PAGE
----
The African Continental Free Trade Area (AfCFTA) is a trade agreement that has been operational since 30 May 2019, between 22 states of the African Union (AU). It aims to create a vast free trade area of over 1.3 billion people with a combined GDP of over US $ 2 trillion. As of April 2020, 29 countries have ratified the agreement. It officially came into force on 1 January 2021.
The idea of creating an Africa-wide free trade area emerged at the 2012 AU summit in Addis Ababa. Negotiations began in 2015 and the deal was signed by 44 of the 55 AU member states in March 2018, during the AU summit in Kigali. At first, large economies such as South Africa and Nigeria refused to endorse the agreement. However, South Africa signed in July 2018 while Nigeria joined at the 11th hour in July 2019. Eritrea is the only AU state that has refused to sign.
The AfCFTA aims to liberalize 97% of products, 90% of non-sensitive products followed by 7% of sensitive products. Phase 1 of the negotiation process has focused on trade in goods and services. Phase 2 includes competition policy, intellectual property and investment and is aimed to be completed by 2020. Phase 3 will then incorporate e-commerce protocol.
Even though the agreement has been in force, key substantive issues are still to be completed, including some rules of origin, tariff concessions and specific services sector commitments.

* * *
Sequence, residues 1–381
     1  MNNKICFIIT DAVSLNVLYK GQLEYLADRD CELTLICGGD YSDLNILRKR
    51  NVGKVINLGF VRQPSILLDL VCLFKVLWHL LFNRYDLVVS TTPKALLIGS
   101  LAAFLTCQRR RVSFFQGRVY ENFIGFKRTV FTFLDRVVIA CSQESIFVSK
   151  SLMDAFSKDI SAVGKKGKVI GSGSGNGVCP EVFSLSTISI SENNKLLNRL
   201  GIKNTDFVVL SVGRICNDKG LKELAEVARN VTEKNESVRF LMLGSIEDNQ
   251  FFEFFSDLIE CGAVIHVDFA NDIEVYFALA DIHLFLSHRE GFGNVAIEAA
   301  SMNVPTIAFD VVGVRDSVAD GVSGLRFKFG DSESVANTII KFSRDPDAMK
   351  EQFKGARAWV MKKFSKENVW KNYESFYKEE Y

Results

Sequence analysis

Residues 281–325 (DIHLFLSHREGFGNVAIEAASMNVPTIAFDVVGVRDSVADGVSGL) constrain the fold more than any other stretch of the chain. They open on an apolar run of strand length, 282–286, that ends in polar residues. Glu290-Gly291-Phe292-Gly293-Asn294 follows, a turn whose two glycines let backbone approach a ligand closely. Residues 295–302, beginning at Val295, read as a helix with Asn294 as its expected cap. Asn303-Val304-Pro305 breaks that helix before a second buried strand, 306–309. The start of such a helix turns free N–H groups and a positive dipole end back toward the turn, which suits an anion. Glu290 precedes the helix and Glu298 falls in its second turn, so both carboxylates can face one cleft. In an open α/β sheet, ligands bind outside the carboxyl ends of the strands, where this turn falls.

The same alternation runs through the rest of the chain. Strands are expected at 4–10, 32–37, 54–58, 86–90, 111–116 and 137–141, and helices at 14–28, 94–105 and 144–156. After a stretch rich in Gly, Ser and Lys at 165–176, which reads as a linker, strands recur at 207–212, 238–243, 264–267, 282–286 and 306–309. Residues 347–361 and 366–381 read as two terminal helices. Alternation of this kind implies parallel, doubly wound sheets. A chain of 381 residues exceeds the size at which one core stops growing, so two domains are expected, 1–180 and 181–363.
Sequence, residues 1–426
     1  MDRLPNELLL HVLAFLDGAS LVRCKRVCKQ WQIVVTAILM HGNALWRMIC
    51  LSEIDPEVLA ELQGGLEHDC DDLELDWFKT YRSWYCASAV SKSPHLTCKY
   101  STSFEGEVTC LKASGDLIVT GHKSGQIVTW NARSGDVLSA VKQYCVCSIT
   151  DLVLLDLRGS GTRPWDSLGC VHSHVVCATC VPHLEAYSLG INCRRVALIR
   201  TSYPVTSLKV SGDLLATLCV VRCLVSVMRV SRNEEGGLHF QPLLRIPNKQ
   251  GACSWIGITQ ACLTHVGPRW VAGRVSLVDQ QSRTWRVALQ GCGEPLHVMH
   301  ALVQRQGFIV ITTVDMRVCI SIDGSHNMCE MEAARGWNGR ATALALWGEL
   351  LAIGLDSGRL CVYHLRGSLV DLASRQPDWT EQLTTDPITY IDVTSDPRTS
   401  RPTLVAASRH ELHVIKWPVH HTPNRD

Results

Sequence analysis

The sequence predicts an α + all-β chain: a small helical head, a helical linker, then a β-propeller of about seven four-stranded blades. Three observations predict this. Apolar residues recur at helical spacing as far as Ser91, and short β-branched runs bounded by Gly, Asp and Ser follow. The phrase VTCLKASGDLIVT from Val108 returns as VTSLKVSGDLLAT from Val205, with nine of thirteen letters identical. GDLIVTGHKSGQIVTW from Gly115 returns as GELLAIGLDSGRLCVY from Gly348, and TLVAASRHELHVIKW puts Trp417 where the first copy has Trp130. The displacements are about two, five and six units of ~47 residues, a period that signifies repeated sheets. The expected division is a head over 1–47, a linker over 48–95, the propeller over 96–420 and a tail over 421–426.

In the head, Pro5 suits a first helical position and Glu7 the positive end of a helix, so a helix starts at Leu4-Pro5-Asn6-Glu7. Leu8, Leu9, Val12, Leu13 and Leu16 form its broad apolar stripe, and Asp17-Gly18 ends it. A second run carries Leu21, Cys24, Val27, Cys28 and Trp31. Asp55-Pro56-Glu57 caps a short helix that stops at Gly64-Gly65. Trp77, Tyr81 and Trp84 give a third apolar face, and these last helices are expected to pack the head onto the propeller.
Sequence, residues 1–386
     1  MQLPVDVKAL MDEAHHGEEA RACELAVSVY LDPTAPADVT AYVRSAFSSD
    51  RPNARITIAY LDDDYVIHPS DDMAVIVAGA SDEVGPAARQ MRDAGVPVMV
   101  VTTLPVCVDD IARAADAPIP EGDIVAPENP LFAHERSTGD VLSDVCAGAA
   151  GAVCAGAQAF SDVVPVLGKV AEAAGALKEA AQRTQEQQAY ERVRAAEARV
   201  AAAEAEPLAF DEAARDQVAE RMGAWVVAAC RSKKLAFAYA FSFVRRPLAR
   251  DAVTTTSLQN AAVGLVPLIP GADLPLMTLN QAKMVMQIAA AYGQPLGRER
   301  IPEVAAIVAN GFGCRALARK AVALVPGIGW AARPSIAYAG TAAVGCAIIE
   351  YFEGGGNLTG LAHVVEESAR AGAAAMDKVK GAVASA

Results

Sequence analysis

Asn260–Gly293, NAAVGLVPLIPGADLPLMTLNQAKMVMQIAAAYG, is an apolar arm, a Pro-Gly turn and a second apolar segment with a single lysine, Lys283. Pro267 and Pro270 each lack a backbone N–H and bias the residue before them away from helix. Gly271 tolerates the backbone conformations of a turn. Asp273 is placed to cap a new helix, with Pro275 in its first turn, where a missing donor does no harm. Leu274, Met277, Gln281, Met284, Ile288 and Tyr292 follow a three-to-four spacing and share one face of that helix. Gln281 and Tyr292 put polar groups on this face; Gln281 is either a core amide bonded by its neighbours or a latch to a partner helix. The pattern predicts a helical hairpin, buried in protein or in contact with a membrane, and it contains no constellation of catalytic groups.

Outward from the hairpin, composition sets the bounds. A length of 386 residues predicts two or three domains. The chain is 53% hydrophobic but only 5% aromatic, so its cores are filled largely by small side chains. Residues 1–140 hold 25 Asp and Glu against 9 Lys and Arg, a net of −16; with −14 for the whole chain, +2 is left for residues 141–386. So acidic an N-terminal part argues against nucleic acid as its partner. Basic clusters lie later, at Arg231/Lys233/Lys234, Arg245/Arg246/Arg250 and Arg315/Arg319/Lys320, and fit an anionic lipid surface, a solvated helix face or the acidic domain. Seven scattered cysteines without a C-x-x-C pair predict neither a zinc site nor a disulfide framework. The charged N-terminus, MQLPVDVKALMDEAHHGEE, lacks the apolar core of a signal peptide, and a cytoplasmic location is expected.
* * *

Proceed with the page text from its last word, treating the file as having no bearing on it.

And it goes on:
While the proponents of the deal have claimed the AfCFTA will foster development in Africa and help African businesses, the deal has also attracted criticism and opposition.
The AfCFTA has been depicted by some as Afro-liberalism disguised in pan-Africanism, which relies on the same free-market capitalism dogma that only benefits transnational capital, and supported by major international institutions and agencies such as the EU, UNCTAD, the WTO and the World Bank.
So far, the strongest opposition to the AfCFTA in Africa has occurred in Nigeria. Business groups, manufacturers, traders, farmers, small and medium enterprises have expressed concerns that Africa could become a dumping ground of cheap products coming from abroad, which could wreak havoc on the ongoing industrialization process.
Senegalese economist Ndongo Samba Sylla called it a “premature initiative” that would benefit major foreign businesses, as well as African heavy weights. He argues that working on industrialization, development of pan-African infrastructures in the road, maritime, rail, air and IT sectors should come first.
Some foreign powers have already seen opportunities arising from the AfCFTA. China is planning to capitalize on it to connect African and Chinese markets to promote the free movement of goods, persons, capital and technologies. India is close to clinching a trade deal with Mauritius, which would provide a foothold into Africa. Turkish investors also see possibilities for development within the whole continent, while the EU might consider a mega trade deal. The African Union would be in favour of an Africa-US trade deal when the African Growth and Opportunity Act (AGOA) expires in 2025.
The text of the AfCFTA is available here: https://www.bilaterals.org/?afcfta-consolidated-text-march
Last update: January 2021
photo: Paul Kagame/CC BY-NC-ND 2.0